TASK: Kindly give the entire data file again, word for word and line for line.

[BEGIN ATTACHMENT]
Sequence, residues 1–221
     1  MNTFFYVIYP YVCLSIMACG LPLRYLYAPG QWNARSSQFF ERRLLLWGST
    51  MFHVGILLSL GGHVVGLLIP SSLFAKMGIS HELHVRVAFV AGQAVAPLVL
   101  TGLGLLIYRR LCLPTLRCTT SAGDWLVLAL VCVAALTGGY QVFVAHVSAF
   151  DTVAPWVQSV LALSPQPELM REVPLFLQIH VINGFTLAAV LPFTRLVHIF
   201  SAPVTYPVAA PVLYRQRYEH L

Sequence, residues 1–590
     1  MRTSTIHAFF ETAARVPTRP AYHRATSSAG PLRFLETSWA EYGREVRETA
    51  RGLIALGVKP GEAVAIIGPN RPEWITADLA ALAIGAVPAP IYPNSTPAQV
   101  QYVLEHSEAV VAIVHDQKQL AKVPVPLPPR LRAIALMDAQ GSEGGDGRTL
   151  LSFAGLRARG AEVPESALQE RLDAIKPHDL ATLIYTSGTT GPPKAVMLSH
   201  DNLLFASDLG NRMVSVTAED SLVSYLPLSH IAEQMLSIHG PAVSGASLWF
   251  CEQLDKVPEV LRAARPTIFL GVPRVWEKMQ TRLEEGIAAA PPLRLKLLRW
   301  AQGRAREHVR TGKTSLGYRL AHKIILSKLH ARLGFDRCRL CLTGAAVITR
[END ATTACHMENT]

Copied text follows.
Sequence, residues 1–221
     1  MNTFFYVIYP YVCLSIMACG LPLRYLYAPG QWNARSSQFF ERRLLLWGST
    51  MFHVGILLSL GGHVVGLLIP SSLFAKMGIS HELHVRVAFV AGQAVAPLVL
   101  TGLGLLIYRR LCLPTLRCTT SAGDWLVLAL VCVAALTGGY QVFVAHVSAF
   151  DTVAPWVQSV LALSPQPELM REVPLFLQIH VINGFTLAAV LPFTRLVHIF
   201  SAPVTYPVAA PVLYRQRYEH L

Sequence, residues 1–590
     1  MRTSTIHAFF ETAARVPTRP AYHRATSSAG PLRFLETSWA EYGREVRETA
    51  RGLIALGVKP GEAVAIIGPN RPEWITADLA ALAIGAVPAP IYPNSTPAQV
   101  QYVLEHSEAV VAIVHDQKQL AKVPVPLPPR LRAIALMDAQ GSEGGDGRTL
   151  LSFAGLRARG AEVPESALQE RLDAIKPHDL ATLIYTSGTT GPPKAVMLSH
   201  DNLLFASDLG NRMVSVTAED SLVSYLPLSH IAEQMLSIHG PAVSGASLWF
   251  CEQLDKVPEV LRAARPTIFL GVPRVWEKMQ TRLEEGIAAA PPLRLKLLRW
   301  AQGRAREHVR TGKTSLGYRL AHKIILSKLH ARLGFDRCRL CLTGAAVITR